Mobility and accessibility tend to decrease as we age. While it was once easy to run from one point to another, you might now find it difficult to even get around the house. Medical conditions and surgeries can further decrease mobility. Fortunately, with a variety of mobility devices to choose from, you can regain not only your mobility, but also your independence. However, choosing the right mobility device is important for safety and health.
Wheelchairs are more advanced than ever. Older versions of wheelchairs once required you to manually roll the wheel. This could be difficult for those with entire body disorders or those with weakened arms. Using a wheelchair required another person to move it. Today, however, wheelchairs can be entirely automatic. You can simply push a button and move yourself. They are also much more convenient, allowing you to fold them up quickly and store them either in your vehicle or in your house.
Wheelchairs are perfect for those with extremely limited movement. They are also beneficial for post surgery. However, they should not be used if your goal is to improve mobility. Because wheelchairs do not require much movement or development, it can be difficult to rehabilitate to a walking position. Some may also find it hard to maneuver a wheelchair throughout the house, unless it is specifically updated for wheelchair use.
Rollator walkers are a type of medical canes. These medical walkers are perfect for regaining mobility. The walkers have wheels on them, making them easier to use then traditional walkers. However, they still require that the user stand up, hold their own weight, and push them. In many cases, rollator walkers are used for rehabilitation after a surgery or slip and fall. The rollator walkers may also be used with a hernia belt following a hernia surgery. The hernia belt protects the injured area, while still working out the accompanying muscles.
Canes for elderly
Canes are one of the most common types of walking devices. Canes differ from rollator walkers because they have to be manually picked up and set down with each step. Although this might sound like a lot of difficult work, it is actually ideal to keep movement. A cane is helpful for those who have gone through the rehabilitative process, but still struggle with walking safely. They can also be beneficial for longer walks, where the body may begin to tire. A cane should be properly fitted and of the correct weight for the patient.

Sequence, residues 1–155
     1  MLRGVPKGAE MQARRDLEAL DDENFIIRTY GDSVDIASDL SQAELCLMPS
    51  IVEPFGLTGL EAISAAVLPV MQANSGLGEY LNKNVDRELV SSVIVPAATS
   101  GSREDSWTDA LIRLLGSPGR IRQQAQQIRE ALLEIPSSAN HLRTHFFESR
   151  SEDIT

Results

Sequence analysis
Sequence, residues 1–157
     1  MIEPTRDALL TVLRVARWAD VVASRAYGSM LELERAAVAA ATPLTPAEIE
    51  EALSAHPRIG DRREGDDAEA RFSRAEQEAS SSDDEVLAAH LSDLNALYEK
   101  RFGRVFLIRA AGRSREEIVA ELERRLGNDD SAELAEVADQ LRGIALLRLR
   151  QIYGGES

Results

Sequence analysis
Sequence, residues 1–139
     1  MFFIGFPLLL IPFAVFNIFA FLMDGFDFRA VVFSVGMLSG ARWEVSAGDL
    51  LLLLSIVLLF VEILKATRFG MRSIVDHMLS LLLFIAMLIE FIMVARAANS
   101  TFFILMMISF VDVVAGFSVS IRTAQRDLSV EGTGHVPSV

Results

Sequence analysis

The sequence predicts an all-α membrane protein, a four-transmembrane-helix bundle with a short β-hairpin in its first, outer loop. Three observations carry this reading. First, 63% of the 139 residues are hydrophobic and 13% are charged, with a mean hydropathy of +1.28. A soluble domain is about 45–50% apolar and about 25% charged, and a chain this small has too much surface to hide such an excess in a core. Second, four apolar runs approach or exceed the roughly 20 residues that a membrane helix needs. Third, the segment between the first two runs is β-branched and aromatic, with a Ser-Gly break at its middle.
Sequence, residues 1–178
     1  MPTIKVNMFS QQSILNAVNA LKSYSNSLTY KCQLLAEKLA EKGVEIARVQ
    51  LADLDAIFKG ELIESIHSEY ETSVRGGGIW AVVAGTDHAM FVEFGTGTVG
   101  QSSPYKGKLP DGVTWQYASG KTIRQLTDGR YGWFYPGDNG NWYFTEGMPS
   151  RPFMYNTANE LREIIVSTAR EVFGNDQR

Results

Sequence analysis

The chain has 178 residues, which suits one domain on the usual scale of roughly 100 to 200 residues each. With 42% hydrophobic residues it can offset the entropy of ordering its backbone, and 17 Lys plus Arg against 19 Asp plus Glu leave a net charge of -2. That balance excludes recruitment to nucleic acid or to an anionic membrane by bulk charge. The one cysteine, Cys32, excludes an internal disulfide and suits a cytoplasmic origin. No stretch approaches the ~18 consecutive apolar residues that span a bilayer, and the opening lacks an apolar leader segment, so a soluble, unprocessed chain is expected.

Many seniors utilize canes as a daily walking device. The use of canes and other mobility devices soared almost 50% over a recent eight year period, according to interviews of more than 7,600 Medicare beneficiaries (2015). As the number of elderly people continues to rise, the demand for walking aids is also expected to increase two fold by 2050. We are likely to see a significant increase in the demand of senior canes.
Mobility is one of the most common issues that aging seniors deal with. Chronic health conditions and injuries can prevent full movement and mobility, especially in long distances. Approximately 16.4% of people use walking aids prefer canes, 11.6% of the elderlies use walkers, just over 6% take assistance of wheelchair, and about 2.3% use scooters. The best walkers for seniors are ones that provide enough support, but that do not prevent them from working out their muscles. If you rely too heavily on walking devices, your muscles will wear away and you will notice that your mobility actually decreases. Work with your team of physicians on choosing the best mobility device for your needs. Also, know when it is time to downgrade your mobility assistance needs.